An almost-story and an almost-vomit

31 01 2008

Count on a cup of green tea, a string of Tori ballads, stalking successes, and a possible, totally random first sentence for a short story (with references to forearms and knees, two anatomical favorites) to bring me tonight into newer heights of emotional paranoia (whatever that means).

After stresslessly securing an NBI clearance earlier this afternoon, I headed to the movies. At one point inside the cinema, Cloverfield almost made me vomit, although not in the same sense as Crash (a portmanteau of Crap and Trash) once did. I thought it was a bold (dumb, yes, but bold) film, brave enough to deprive audiences of necessary explanations and a satisfying ending. Unlike Bourne Ultimatum’s camera work, which your sense of balance can eventually get used to, Cloverfield’s warrants extra preparations (entering the cinema with an empty stomach would be a good idea) to endure messlessly its nauseating but fun 84-minute run.



25 01 2008

The best way to spend a Friday night is to be in the middle of a three-person, three-hour meeting that resolved maybe three  out of the thirty things that need resolving.

In other news, the best film I’ve seen released in the last 5 years is receiving very good reviews.

Kala, Ga Ga Ga Ga Ga

21 01 2008

Very few artists can match the range of sounds heard in M.I.A’s sophomore record, Kala. From the chicken-like sounds in Bird Flu to the machine guns beats in the chorus of Paper Planes to the hypnotic, Bollywood-inspired Jimmy, it’s a postmodern electro mix of ‘Third World’ music.

Spoon’s 2005 single I Turn My Camera On is a pop-rock classic. In spite of its silly title, Ga Ga Ga Ga Ga, the band’s latest release, is similarly addictive. Among the highlights are the piano pounding in  The Ghost of You Lingers and the B&Sish brass in The Underdog.

A Grateful Grapefruit

19 01 2008

Finished a thesis first draft. Thank God I can read fiction again. And watch movies. And get drunk.

Best of 2007 (Updated)

13 01 2008


10. Away From Her (Sarah Polley) Julie Christie will win another Oscar.

9. Eastern Promises (David Cronenberg) Viggo proves he has range and shows he has balls to play a London chauffeur with a Russian accent.

8. The Host (Joon-ho Bong) Godzilla meets Little Miss Sunshine meets environmental politics with a dash of Korean humor.

7. The Bourne Ultimatum (Paul Greengrass) Think of it as one continuous action sequence, and you’ll get its genius.

6. Lust, Caution (Ang Lee) An underrated/understated epic with plenty of lust and even more caution

5. I’m Not There (Todd Haynes) A bold, surreal experiment celebrating the chaos and contradictions of Bob Dylan, incarnated as six different personas (an actor, a black child, and a woman among others)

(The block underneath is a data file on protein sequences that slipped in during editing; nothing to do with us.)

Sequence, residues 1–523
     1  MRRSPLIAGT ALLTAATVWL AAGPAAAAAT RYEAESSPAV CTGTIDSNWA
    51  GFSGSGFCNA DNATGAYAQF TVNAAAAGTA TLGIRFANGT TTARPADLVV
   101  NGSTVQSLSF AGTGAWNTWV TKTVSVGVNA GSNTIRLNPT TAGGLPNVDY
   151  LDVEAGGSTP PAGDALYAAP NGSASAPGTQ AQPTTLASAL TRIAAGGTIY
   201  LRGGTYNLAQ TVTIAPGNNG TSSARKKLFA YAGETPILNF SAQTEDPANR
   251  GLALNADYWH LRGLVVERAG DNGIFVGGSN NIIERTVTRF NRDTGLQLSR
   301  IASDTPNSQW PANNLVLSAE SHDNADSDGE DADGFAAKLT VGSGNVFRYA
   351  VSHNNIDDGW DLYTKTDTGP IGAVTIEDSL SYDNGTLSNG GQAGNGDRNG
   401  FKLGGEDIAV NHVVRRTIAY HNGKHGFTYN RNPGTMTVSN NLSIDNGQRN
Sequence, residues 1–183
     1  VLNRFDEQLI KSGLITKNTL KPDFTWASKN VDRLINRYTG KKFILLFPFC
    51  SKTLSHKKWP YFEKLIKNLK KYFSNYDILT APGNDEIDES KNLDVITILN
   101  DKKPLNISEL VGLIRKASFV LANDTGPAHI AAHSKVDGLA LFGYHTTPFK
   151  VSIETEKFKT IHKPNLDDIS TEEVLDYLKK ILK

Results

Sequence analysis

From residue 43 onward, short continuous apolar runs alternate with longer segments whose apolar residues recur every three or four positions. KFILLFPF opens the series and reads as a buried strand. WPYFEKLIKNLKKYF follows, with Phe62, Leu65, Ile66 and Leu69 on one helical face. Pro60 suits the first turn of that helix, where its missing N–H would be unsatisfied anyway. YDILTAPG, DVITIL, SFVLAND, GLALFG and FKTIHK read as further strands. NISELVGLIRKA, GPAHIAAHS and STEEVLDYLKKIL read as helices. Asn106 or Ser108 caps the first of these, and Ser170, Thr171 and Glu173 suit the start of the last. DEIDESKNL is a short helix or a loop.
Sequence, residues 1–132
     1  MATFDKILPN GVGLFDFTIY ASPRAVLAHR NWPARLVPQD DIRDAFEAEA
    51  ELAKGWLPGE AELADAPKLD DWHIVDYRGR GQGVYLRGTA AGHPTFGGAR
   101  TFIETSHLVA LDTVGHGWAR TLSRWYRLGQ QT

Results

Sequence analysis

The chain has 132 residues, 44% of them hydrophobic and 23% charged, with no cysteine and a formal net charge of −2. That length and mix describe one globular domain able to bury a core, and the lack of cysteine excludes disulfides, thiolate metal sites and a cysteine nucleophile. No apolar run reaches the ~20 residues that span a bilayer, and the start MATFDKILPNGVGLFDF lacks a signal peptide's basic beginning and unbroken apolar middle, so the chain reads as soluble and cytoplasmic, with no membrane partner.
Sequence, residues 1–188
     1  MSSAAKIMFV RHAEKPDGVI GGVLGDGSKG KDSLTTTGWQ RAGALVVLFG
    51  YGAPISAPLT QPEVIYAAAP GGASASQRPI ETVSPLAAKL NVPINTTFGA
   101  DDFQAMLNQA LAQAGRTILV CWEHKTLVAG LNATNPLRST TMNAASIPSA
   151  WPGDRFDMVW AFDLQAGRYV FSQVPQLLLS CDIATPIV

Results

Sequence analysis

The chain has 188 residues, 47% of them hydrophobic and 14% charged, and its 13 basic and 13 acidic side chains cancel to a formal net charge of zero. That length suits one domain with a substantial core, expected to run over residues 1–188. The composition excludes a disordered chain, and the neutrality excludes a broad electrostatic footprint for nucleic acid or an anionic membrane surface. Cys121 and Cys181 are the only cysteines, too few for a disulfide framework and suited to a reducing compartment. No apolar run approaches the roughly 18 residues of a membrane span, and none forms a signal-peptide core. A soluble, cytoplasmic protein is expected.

4. Death Proof (Quentin Tarantino) An evil Kurt Russell, kickass femmes and an awesome awesome car chase

3. Once (John Carney) – A musical without characters breaking into song in mid sentence. A romance without a contrived ending. Music without pretension.

2. Ratatouille (Brad Bird) A portrait of the artist as a rat

1. 4 Months, 3 Weeks & 2 Days (Cristian Mungiu) A bleak, minimalist, tense, gripping and painful Cannes Palme d’Or winner, 4 Months… represents Romanian film making at its finest.

Others who almost made the cut: This is England (adolescence and skinheads in Thatcher’s Britain), American Gangster (entertaining from start to end), The Edge of Heaven (identity, love, fate and duty), Foster Child (understated acting and long tracking shots are a welcome change for Pinoy films), Superbad and Knocked Up (two Apatow comedies), Sweeney Todd (the bloodiest and most disgusting good musical), 28 Weeks Later (more gore and zombies!), The Simpsons Movie (spider-pig), Endo (the real Cinemalaya gem), Persepolis (animated film about the Iranian Revolution!)

Probable additions (once they reach our shores): Oscar front-runners set in Texas No Country for Old Men and There Will Be Blood, The Diving Bell and the Butterfly, Juno, Atonement, Michael Clayton, Before the Devil Knows You’re Dead

Worst: 300 (annoying), Apat Dapat, Dapat Apat: Friends 4 Lyf (wasted opportunities), Fantastic Four: Rise of the Silver Surfer (same old, same old). Probably not Anak ng Kumander though, with a line like “Kalabaw ang ninakaw, kalabaw din ang papatay,” what’s not to love?


Best reads:

Gravity’s Rainbow by Thomas Pynchon: more than just a novel, it’s an experience

Tropic of Cancer by Henry Miller: prose that juxtaposes the beautiful and the ugly, the crude and the poetic

Light in August by William Faulkner: master of language and form

Portnoy’s Complaint by Philip Roth: hilarious

Suite Francaise by Irene Nemirovsky: first part of an unfinished masterpiece

I, Claudius by Robert Graves: Roman excesses and madness can be addictive

A Hundred Toasts

9 01 2008

I know I should be pressing words here, but pictures are more than enough. Let’s celebrate! UP is turning a 100 this year!


6 01 2008

Here is a photo that survived the damaging powers of Reming:

Things to note: lamination was the in thing then; I had a preference for collared shirts even then; my hairline was beginning to recede even then; and most importantly, I was incredibly good-looking even then.